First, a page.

I wish that I could acquire an interest in sports. I mean: I wish I could learn to like watching sports. (My days of playing sports are over.) (Unless they’re just beginning.) I’m jealous of all those souls out there who can get excited about the latest hockey scrimmage or karate tournament.
I recently heard a popular comedian define politics as “sports for nerds.” That made me feel bad, because I don’t want to be thought of as a nerd, but it’s true that I’ve lately grown obsessed with politics; though I’m ashamed to admit this fact, and I do believe that I’ll be able to kick the habit. Plus I can’t find anyone else in my hometown who shares my political viewpoints; whereas, in contrast, there are countless souls surrounding me who love to follow sports. Baseball is the official American pastime.
If you enter a bar, you’ll see TV screens here and there displaying the latest game: the tennis game, the golf game, etc. The scores of these games look like stock market tickertapes to me, because they change too fast for my mind to register. It’s a cutthroat business.
I understand that a pitcher throws the baseball to the catcher, and the hitter tries to hit the ball in midair. A good hit will travel out of the ballpark and result in a home run; thus earning the team a point, if no other players are on base. But, if the bases are loaded, the home run becomes a grand slam — that is the most highly sought-after outcome.
Contrary to baseball, which requires a high score to win, the winner of the game of golf (I almost wrote “of gold”) needs a very LOW score. You swing your wooden or iron club at the ball, which has a different shape than a hockey puck, and you hope to God that it enters a hole in the distance. The best shot is a hole-in-one, which is similar to a grand slam in baseball: it is desirable.
Now, the way that I understand it, there are two different types of football (if not many more): American-style and European-style. In America, we call European football “soccer.” And in Europe…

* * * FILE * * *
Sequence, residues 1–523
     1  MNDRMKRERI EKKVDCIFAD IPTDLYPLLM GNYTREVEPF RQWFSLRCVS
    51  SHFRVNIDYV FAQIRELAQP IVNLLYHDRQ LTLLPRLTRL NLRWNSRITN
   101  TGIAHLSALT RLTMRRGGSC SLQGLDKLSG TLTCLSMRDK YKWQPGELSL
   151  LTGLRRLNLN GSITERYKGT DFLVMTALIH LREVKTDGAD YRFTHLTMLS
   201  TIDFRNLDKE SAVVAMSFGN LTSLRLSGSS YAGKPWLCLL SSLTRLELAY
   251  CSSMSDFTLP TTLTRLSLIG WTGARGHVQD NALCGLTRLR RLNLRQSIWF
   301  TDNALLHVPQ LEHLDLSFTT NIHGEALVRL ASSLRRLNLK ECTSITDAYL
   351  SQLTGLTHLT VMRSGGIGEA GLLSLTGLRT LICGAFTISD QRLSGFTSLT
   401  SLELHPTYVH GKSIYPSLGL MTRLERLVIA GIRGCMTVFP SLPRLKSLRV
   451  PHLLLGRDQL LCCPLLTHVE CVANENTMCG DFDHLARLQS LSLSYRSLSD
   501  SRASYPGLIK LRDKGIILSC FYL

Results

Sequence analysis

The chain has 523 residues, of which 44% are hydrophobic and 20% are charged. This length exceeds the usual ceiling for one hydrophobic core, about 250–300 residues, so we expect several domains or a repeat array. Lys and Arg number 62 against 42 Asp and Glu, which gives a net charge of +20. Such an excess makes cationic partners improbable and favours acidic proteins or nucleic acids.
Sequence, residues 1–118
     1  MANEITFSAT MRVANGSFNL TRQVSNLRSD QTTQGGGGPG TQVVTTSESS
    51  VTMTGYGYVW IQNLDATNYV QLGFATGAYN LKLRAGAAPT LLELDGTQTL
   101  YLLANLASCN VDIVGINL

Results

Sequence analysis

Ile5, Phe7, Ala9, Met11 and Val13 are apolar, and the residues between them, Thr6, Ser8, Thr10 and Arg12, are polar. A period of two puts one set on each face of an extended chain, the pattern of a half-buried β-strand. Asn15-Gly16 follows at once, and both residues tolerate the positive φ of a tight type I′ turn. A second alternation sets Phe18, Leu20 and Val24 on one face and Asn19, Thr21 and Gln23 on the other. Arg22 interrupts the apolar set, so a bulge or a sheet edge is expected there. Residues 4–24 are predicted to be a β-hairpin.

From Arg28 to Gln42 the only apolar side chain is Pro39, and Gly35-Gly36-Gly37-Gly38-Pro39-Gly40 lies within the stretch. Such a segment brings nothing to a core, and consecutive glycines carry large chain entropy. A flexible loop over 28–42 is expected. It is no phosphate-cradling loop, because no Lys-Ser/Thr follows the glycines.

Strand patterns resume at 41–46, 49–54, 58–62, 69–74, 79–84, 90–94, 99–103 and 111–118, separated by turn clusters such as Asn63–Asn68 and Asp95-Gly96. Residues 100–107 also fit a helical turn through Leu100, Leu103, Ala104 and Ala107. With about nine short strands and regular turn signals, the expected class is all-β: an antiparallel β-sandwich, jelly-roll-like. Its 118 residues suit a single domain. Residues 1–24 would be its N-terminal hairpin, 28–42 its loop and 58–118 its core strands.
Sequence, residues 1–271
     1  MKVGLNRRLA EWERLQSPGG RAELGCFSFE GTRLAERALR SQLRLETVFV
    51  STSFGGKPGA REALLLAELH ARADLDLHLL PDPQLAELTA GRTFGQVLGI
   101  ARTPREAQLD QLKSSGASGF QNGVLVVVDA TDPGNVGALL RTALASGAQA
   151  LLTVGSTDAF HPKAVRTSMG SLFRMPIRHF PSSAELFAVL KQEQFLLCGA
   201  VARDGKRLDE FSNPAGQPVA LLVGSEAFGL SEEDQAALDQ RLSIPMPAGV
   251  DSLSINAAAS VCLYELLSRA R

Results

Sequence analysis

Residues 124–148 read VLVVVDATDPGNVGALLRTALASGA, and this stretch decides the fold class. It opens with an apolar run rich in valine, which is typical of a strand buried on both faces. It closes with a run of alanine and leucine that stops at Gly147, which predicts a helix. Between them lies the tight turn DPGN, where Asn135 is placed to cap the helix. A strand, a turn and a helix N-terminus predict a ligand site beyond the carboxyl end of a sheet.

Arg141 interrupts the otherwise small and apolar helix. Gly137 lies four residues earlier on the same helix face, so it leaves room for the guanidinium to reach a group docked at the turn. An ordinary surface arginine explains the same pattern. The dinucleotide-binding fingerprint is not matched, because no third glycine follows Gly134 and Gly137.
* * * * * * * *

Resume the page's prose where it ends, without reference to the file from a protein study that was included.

Admittedly, I do not know what happens in Europe. I have never been to Europe. My ancestors, however, are from all over the place: perhaps they even hail from 51 Peg b; which is an actual planet, according to my previous entry.
But I bet that after winning one game of sports, you would feel a surge of confidence, which would make it easier to win the following game.
Is there an equivalent of sports’ concept of “winning,” in the world of painting, novels, poetry, film? It seems that people tend to consider the “winner” in the realm of the arts to be whoever makes the most money off of their creation.
Is there a golf-type of undertaking in the art world, where the LEAST amount of attention would determine the winner? And, if so, how would we ever know who won that blank?
Boxing is a thought-provoking activity because it consists of two humans banging on each other. And figure skating is interesting because it contains the discipline of ice dancing (at least it did in the Olympic festival that I remember watching), which requires judges to determine the winner of the event. To my mind, this voting aspect blurs the line between art and sports; and I like it. It makes me think of the dramatists of ancient Athens: the way that their plays were rated against each other in an overt contest. …And now I wonder: Is ballet a sport?